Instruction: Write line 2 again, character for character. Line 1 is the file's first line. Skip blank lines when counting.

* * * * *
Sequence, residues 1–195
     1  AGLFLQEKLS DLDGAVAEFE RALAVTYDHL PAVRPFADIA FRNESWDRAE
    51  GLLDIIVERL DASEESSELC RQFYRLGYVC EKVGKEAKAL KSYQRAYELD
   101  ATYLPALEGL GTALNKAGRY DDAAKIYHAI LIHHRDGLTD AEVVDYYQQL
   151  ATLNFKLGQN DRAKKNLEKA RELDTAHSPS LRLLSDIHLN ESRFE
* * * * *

     1  AGLFLQEKLS DLDGAVAEFE RALAVTYDHL PAVRPFADIA FRNESWDRAE